Image by Kanenori
September has been a whirlwind!
From the inaugural African Climate Summit to the New Delhi G20 meeting and Climate Week NYC, it’s been non-stop. While a breather might be tempting, there’s no slowing down with COP28 just around the corner. Each of these major events brought a wave of new climate finance commitments, global partnerships, moments of frustration, and glimpses of optimism for our shared climate objectives.
All that said, we’re thrilled to be back in the office, keeping you updated on our endeavors and global developments.
As always, we’re here to connect. Don’t hesitate to reach out via email or LinkedIn.
Gordian Knot Strategies
We are Igniting Climate Solutions: Mobilizing $1 Billion in Impact Investment by 2030!
Article 6 is a critical section of the Paris Agreement that deals with technical, market-based mechanisms aimed at reducing greenhouse gas (GHG) emissions and promoting international cooperation between developed and developing countries in addressing climate change, primarily via carbon emission trading.
We are approaching the decade mark of when Article 6 was introduced and agreed upon, however, we still do not have a functioning mechanism. Clearly, the process has been molasses-slow with recent debates on important topics like accounting adjustments to national emissions inventories, contribution versus authorized emission reductions, share of proceeds, treatment of avoided emissions, and the balance between removals and reductions holding back advancement.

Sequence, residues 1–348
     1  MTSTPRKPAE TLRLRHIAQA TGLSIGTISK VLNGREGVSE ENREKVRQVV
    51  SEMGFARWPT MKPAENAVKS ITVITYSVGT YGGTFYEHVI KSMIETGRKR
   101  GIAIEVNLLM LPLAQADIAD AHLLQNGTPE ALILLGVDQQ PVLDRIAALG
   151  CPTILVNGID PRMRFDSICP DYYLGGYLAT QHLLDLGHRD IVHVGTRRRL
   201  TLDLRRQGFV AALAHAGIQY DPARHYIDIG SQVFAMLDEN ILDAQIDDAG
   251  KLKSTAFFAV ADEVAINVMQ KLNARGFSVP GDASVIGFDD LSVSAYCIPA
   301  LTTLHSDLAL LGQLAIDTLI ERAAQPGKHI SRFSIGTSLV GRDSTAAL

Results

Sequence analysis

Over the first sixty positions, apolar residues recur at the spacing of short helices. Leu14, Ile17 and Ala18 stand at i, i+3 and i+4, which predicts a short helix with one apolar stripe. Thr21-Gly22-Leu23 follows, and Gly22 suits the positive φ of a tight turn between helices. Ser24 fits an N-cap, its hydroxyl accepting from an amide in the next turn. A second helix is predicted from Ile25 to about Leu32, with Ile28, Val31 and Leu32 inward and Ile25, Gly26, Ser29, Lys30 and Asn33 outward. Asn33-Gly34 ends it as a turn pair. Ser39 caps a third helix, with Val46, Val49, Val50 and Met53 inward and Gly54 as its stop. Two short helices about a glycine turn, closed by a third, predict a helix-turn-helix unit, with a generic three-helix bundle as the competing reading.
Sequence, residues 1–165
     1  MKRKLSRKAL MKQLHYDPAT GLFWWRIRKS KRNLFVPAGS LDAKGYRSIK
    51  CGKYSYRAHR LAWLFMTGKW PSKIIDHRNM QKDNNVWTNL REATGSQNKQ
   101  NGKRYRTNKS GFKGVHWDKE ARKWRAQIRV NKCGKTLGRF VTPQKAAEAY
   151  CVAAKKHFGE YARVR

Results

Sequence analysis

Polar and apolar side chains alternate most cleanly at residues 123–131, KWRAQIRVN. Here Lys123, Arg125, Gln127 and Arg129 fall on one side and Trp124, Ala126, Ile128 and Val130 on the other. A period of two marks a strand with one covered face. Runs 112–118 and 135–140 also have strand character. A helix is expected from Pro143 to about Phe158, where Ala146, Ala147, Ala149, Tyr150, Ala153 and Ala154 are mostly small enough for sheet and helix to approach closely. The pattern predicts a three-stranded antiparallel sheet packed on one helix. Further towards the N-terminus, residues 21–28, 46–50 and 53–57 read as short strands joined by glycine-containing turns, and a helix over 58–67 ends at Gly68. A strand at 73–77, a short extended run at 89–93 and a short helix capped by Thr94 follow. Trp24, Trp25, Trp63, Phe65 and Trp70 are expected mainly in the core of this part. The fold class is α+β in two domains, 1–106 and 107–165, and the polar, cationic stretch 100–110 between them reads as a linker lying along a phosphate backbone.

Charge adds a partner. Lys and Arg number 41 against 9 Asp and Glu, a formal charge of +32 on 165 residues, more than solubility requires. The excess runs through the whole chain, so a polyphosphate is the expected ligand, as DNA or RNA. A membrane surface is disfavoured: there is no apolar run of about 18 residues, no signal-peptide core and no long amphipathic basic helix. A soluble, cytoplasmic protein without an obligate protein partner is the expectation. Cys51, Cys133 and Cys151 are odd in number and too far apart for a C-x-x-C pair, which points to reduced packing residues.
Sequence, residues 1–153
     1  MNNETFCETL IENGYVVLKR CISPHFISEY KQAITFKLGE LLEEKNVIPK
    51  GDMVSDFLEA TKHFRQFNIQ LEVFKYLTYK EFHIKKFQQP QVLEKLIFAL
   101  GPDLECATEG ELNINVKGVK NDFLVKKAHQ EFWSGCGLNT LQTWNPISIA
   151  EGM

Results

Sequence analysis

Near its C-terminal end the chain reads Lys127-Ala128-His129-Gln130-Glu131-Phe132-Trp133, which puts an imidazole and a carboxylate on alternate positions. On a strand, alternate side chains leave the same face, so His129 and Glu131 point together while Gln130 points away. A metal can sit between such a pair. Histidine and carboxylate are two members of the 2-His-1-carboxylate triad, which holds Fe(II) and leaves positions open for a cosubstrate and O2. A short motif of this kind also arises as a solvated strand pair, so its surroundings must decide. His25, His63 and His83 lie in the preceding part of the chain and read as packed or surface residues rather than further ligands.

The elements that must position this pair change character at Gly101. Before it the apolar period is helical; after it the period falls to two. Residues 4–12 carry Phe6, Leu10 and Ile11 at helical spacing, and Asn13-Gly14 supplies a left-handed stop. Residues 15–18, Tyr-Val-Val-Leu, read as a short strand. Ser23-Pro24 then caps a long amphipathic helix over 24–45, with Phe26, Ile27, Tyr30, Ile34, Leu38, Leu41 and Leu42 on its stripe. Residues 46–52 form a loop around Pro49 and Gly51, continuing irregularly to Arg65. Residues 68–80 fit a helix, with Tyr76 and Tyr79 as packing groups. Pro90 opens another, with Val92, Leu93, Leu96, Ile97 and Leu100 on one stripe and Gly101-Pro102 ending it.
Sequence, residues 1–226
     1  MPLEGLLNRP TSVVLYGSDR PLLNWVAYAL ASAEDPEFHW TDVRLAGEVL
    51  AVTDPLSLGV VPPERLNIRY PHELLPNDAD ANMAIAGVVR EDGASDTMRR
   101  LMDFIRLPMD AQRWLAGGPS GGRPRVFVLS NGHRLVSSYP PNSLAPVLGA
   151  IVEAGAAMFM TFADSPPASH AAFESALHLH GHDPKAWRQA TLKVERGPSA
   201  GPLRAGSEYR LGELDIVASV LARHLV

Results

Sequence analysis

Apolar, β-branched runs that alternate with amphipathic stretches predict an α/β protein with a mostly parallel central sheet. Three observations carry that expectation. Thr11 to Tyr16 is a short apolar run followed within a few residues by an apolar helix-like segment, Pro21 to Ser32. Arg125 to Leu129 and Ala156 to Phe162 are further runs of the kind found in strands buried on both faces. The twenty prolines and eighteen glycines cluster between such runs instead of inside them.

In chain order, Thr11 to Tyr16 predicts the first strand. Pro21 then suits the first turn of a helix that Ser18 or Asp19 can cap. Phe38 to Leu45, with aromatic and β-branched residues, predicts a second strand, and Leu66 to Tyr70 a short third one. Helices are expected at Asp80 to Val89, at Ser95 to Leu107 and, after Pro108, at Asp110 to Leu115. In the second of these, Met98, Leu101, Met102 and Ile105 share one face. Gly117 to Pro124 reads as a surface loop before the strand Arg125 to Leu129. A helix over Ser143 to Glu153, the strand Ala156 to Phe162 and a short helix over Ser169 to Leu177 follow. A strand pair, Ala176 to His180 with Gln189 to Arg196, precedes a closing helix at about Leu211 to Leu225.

At the same time, constructing a comprehensive and effective global carbon market is not a simple task. It is imperative that the Article 6 carbon market is crafted correctly because the financial and environmental costs of getting it wrong could be monumental. For comparison, take a look at the messy state of the current voluntary carbon market.
Let’s investigate the significance of an Article 6 carbon market. How does it contribute to the reduction of GHG emissions in countries? And what implications does it hold for both developed and developing nations?
To explore these inquiries, this essay will focus on Article 6.2 of the Paris Agreement, which revolves around ITMOs.
To continue reading, click here.
🎙️ The second episode of our podcast released last week!
In this episode, Jay talks with Nathan Truitt (Executive Vice President, Climate Funding – American Forest Foundation).
They cover topics including forest carbon credit projects, an innovative new green bond, AFF’s recent Verra methodology, and the challenges and opportunities for scaling up climate finance focused on forest projects.
Click any of the links below to listen!
📚 Climate activists all over the world have been screaming at the top of their lungs about the changes that need to be made to save the world from total disaster. At times, it may seem like their endeavors are in vain, their voices echoing into an empty void. Andreas Malm’s 2021 book “How to Blow Up a Pipeline” captures this energy and shows how historic social movements have led to change. He issues a compelling call for greater activism.
🎙️ Paul Bodner, the Director of Sustainable Finance, Industry and Diplomacy for Bezos Earth Fund, is one sharp fella. He recently brought his wisdom to Harvard Business School’s podcast Climate Rising in a thoroughly engaging conversation with host Mike Toffel about the intersection between investing and climate change. This 55-minute conversation is loaded with top-notch insights. Check out “An Investor’s Perspective on Corporate Climate Action.”